Fin Fish study key findings for our tuna and shrimp products

In September 2023 a new Finfish study was prepared by AIPCE (EU Fish Processors and Traders Association) and CEP (European Federation of Importers and Exporters of fish) (established in 1959), this has been a useful tool in explaining the fish and seafood processing industry and sector.

After supply lack in 2021, in late 2022 importers received their products at very high prices, the need to fill the gap was huge. Due to high prices and cold stores full with unsold products sales dropped a lot end of 2022 - beginning of 2023, which, compared to the year before, resulted in much lower profits for most companies in the EU.

Not only the high prices and the huge stocks in Europe were affecting the market, traders and industry were affected by the reduced supply from Russia. Also, the Brexit continues to complicate the trade between UK and EU , and the negotiations between Norway and EU are not settled yet.

The biggest challenge in the market for importers is sourcing raw material, while it is still difficult to find suitable labor .

Key findings in this Fin fish study are as follow

  • total market supply (EU - production + third countries imports) for EU accounted to 12,092 thousand tonnes in 2022
  • EU domestic supply for consumption reached 3,236 thousand tonnes in 2022
  • 8,856 thousand tonnes of seafood for consumption was imported from third countries in 2022
  • exports to third countries accounted for 2,241 thousand tonnes in 2022
  • total EU consumption (EU domestic supply + Imports – Exports) in 2022 was 9,851 thousand tonnes
  • the per capita consumption in 2022 was 22.1 kg
  •  the minimum EU import dependence rate for 2022 grew to around 67% of total supply

This means the following for the 2 main products of our product range:

The total EU shrimp supply accounted for 8898 thousand tonnes in 2022. This is excluding the non-quota species like brown shrimp (Crangon crangon). From this supply, 881 thousand tonnes of shrimp were imported from third countries and 9 thousand tonnes came from shrimp fisheries under fishing quota management in the EU. This shows that the EU is heavily depending on imports for shrimp. Most of the shrimp were imported from Ecuador (22%; farmed white shrimp Penaeus vannamei), Greenland (14%; wild Borealis shrimp), Vietnam (14%; farmed Pacific white shrimp & black tiger shrimp), India (11%; farmed Pacific white shrimp & black tiger shrimp) and Argentina (9%; wild Argentine red shrimp Pleoticus muelleri).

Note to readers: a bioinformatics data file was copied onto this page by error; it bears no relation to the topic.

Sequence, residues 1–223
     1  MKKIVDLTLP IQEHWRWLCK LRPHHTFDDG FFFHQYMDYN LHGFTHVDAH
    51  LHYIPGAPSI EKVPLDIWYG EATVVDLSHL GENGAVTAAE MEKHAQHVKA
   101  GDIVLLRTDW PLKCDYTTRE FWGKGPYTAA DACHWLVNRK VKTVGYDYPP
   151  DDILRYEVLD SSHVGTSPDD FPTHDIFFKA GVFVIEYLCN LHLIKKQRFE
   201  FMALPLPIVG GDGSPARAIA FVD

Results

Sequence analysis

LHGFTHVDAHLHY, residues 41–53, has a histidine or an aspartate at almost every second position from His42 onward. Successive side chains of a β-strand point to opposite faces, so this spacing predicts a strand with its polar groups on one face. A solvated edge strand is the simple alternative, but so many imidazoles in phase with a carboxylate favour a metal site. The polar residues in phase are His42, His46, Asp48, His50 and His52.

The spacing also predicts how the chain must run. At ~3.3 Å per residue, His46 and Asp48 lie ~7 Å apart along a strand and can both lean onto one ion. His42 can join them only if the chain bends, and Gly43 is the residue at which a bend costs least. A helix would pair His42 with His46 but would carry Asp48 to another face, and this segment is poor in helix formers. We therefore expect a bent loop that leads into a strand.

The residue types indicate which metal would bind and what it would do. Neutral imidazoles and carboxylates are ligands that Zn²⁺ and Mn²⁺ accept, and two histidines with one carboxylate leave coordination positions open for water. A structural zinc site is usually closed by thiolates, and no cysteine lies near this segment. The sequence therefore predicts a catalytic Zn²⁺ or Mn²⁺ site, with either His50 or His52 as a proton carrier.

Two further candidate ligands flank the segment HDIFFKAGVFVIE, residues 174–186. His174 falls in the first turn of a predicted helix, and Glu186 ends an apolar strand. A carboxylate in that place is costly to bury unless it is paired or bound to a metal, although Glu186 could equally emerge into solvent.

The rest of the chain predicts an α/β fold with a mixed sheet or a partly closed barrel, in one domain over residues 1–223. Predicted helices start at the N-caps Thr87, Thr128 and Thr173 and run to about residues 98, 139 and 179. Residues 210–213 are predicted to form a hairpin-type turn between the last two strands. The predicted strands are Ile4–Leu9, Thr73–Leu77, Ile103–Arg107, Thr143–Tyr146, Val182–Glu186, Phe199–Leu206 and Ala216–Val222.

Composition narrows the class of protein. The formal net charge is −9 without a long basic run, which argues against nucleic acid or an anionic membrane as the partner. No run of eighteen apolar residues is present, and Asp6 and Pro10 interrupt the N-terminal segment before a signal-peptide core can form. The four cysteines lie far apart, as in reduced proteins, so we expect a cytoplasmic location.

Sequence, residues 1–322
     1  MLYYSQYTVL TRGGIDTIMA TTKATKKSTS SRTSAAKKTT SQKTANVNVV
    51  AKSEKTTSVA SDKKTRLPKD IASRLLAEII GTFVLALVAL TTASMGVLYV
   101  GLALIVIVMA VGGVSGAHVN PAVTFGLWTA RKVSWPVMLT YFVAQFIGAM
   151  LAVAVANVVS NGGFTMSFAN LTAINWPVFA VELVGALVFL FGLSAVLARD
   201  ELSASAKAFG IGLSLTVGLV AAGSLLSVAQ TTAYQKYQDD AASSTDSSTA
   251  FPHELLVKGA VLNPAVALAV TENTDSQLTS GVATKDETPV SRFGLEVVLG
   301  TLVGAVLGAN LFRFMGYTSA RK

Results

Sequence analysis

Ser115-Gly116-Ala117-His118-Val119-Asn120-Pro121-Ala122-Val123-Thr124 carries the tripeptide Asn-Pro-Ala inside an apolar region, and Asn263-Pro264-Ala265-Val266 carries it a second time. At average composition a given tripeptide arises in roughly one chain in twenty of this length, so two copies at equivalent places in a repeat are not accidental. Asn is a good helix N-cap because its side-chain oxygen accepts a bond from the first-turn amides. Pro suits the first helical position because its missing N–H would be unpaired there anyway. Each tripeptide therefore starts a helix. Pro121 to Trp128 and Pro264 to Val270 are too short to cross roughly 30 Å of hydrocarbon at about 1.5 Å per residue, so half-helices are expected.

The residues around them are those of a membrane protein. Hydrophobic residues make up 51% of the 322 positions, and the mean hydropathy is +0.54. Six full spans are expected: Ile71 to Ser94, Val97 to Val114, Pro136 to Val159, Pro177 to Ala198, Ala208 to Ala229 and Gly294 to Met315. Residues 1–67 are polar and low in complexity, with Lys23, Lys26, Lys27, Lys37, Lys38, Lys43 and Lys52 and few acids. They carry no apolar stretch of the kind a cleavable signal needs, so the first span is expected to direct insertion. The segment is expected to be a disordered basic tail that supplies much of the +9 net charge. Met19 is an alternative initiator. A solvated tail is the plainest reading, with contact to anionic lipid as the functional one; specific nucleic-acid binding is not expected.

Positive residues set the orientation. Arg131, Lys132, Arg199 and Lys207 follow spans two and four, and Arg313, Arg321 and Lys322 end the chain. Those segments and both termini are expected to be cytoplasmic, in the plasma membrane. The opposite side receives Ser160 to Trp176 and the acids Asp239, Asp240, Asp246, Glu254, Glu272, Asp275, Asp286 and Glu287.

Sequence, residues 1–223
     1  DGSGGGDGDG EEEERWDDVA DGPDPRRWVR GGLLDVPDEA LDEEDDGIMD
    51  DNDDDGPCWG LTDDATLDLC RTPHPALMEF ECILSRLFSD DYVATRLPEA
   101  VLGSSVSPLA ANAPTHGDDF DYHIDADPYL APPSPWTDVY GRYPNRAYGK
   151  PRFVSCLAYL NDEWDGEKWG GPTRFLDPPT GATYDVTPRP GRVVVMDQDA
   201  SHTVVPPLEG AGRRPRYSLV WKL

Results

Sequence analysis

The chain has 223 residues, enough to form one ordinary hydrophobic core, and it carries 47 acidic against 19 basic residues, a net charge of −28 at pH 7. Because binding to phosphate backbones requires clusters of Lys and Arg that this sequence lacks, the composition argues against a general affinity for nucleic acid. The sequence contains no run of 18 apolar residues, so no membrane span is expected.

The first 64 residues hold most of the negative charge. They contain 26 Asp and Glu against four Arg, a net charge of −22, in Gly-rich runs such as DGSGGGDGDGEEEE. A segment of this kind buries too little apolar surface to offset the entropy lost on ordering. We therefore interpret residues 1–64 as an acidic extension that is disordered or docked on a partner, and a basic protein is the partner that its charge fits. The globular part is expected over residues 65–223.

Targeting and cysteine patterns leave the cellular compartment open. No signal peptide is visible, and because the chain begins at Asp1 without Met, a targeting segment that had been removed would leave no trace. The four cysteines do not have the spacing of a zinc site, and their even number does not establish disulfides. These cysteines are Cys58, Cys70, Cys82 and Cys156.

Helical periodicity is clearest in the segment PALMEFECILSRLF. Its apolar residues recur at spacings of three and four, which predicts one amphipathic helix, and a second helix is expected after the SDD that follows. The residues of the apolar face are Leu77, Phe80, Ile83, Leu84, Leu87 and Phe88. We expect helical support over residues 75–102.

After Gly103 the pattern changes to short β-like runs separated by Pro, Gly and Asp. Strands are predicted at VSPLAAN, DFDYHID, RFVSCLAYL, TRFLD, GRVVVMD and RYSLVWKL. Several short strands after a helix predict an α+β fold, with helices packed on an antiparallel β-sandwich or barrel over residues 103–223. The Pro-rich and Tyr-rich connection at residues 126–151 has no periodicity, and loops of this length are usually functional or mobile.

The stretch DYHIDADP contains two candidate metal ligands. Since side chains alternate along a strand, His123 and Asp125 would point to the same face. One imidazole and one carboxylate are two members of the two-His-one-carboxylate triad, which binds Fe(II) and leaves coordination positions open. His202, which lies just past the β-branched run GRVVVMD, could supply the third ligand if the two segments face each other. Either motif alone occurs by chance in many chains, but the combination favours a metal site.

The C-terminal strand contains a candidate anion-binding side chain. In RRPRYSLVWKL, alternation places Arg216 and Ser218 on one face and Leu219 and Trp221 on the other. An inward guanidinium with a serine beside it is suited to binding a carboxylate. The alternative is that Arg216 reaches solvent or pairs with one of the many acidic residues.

Total supply of tuna products from third countries accounted to 1,167 thousand tonnes in 2022 in WFE. From this total EU fisheries landed in total 59 thousand tonnes of quota tuna in 2022. Around 20 thousand tonnes of tuna was farmed in the EU in 2022. This results in a self-sufficiency of 5%. This self-sufficiency is an underestimation, where non-quota tuna fisheries is not included. The EU tuna fishing fleet lands a significant higher amount of tuna than the quoted volume mentioned earlier. Total tuna landings by EU vessels are over 500 thousand tonnes. However, the great majority is landed outside the EU. Spain is the number 1 producer, followed by France and Italy. Most of the tuna captured by the EU fishing fleet is landed and exported in ports near the tropical fishing regions in Western Africa (Ivory Coast, Ghana) and Indian Ocean (Seychelles, Mauritius, Madagascar), where it is processed into tuna cans and then reexported to EU under preferential trade regimes inherited from the Cotonou agreement, namely the Economic partnership agreements with ESA (Eastern and Southern African) and Western Africa (ECOWAS).

Source: Finfish Study AIPCE-CEP September 2023 (